If President Obama matches the 80 percent he won in 2008 among nonwhite voters, including African Americans, Hispanics, Asians and others, he can reassemble a national majority by attracting only about 40 percent of whites. As Democrats have become fond of saying, that is a matter of arithmetic, so long as nonwhites represent at least as much as the roughly one-fourth of the electorate they constituted last time.
A new Apollo Group/National Journal Next America poll conducted just before last week's debate in Denver found Obama straddling those make-or-break targets, capturing 39 percent of white voters and 81 percent of nonwhites.
While the debate and the September unemployment report may have altered the race since the poll was conducted, the survey found Obama leading Mitt Romney overall, 50 percent to 46 percent among likely voters. Three percent of likely voters were undecided or preferred another candidate.
The poll was conducted Sept. 27-Oct. 2 by Princeton Survey Research Associates International. It includes interviews with 1,246 adults, including separate oversamples of African Americans and Hispanics. For the oversamples, some African Americans and Hispanics were re-contacted from previous surveys, while others were obtained via random-digit dialing, the method for the full poll. For results among 608 likely voters (723 with the oversamples), the margin of error is plus-or-minus 5 percentage points.
The full poll, which focuses mostly on attitudes toward education and training among whites and minorities, will be released next week in National Journal magazine.
Among white voters, Romney led, 58 percent to 39 percent. But Obama held a commanding lead among nonwhites, 81 percent to 16 percent. White voters made up 70 percent of likely voters in the poll, nonwhites made up 27 percent and 3 percent declined to give their race. In 2008, whites made up 74 percent of the electorate, while nonwhites made up roughly 26 percent.
Since 2008, the white share of the eligible voter population has declined to around 71 percent and the nonwhite share increased to almost 29 percent, according to recent analysis of Census data. While it's unlikely the minority share of the vote will rise fully that much in November, it has increased in every election since 1992. Correspondingly, the white share of the vote has declined in each election since then.
Drilling down into the poll's African-American and Hispanic oversamples, the poll is the latest in a series of surveys to show Obama crossing the 70-percent threshold among Latinos; the survey showed him drawing nearly three-fourths of those likely to vote. An NBC News/Wall Street Journal/Telemundo oversample last week showed Obama at 70 percent among Hispanic registered voters and 71 percent among Hispanics likely to vote, while a CNN/ORC International Hispanic oversample showed Obama at 73 percent and 70 percent among registered and likely Hispanics, respectively. Last week's impreMedia/Latino Decisions Weekly Political Tracking Poll also showed Obama at 73 percent among registered Hispanics.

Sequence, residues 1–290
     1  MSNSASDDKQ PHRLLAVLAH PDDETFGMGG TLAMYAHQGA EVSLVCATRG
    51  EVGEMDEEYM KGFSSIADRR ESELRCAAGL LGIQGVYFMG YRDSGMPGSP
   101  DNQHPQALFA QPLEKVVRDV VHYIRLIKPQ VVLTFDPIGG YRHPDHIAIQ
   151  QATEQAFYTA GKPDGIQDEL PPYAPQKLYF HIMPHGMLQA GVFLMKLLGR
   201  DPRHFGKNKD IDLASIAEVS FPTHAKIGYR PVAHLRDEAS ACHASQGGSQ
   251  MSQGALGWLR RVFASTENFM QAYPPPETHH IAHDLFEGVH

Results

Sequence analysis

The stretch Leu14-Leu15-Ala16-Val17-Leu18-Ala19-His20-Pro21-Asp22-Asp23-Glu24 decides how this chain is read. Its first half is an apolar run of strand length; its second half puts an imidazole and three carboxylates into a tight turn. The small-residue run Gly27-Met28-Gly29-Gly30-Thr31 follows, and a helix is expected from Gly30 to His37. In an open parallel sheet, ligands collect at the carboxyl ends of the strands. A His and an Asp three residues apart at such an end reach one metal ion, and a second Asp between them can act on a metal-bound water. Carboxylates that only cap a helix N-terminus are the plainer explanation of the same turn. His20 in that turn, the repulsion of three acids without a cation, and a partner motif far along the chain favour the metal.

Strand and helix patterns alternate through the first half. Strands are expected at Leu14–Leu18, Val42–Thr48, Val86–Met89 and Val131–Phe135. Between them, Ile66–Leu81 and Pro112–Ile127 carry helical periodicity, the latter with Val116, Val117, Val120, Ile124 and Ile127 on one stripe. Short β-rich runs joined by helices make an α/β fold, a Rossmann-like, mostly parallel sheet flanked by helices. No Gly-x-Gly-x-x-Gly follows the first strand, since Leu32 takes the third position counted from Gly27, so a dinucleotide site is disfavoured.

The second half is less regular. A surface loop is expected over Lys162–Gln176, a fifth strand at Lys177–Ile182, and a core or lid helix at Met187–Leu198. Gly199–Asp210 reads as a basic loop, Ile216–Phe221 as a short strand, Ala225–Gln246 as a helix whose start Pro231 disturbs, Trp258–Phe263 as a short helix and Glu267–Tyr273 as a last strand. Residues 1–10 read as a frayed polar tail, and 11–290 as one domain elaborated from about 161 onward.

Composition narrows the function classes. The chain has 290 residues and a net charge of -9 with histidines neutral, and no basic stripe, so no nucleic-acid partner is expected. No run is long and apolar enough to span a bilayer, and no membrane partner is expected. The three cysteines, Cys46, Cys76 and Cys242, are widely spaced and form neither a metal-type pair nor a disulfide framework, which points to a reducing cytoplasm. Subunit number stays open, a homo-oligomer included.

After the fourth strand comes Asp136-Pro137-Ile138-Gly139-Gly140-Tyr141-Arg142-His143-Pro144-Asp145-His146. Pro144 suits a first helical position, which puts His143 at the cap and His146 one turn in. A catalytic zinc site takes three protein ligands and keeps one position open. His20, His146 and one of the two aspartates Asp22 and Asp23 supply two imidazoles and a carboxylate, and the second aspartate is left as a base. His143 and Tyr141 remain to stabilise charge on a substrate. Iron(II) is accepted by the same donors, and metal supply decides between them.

While the Hispanic likely voter pool for the Next America poll is very small (even with the large oversample of Hispanics overall) and carries a large margin of error -- plus-or-minus 13.5 percentage points -- it does conform to the other surveys and underscores Obama's developing improvement among Latino voters. In 2008, Obama won 67 percent of the Hispanic vote, compared to 31 percent for Sen. John McCain, R-Ariz.
Obama also holds among a near-unanimous hold over black voters, 93 percent to 4 percent, according to that oversample, which was slightly larger for likely voters: 148 respondents, for a margin of error of plus-or-minus 11.7 percentage points. While the oversamples for African-American and Hispanic adults were of similar sizes, Hispanics were significantly less likely to identify as likely voters, leading to the relatively higher margin of error.
That presents a turnout challenge for Obama. Latino voters made up 9 percent of likely voters in the Next America poll, equal to their share of the electorate in 2008. But since the Hispanic population continues to grow, a 9-percent turnout level in November would represent a decline in their representation relative to the overall voting-age population.
Among all adults, the poll also shows Obama with majority approval and favorability, while fully half of Americans view Romney unfavorably. But it's not yet clear how those numbers might be affected by last week's events.
The poll is the second in a series of surveys measuring the attitudes of Americans toward the demographic changes occurring in this country. Relative to the first poll, conducted in early April, the new survey shows even greater racial polarization with regard to the presidential race. The previous poll found Obama ahead by an 8-point margin among registered voters, with the president earning 42 percent of the white vote and 76 percent of the nonwhite vote.
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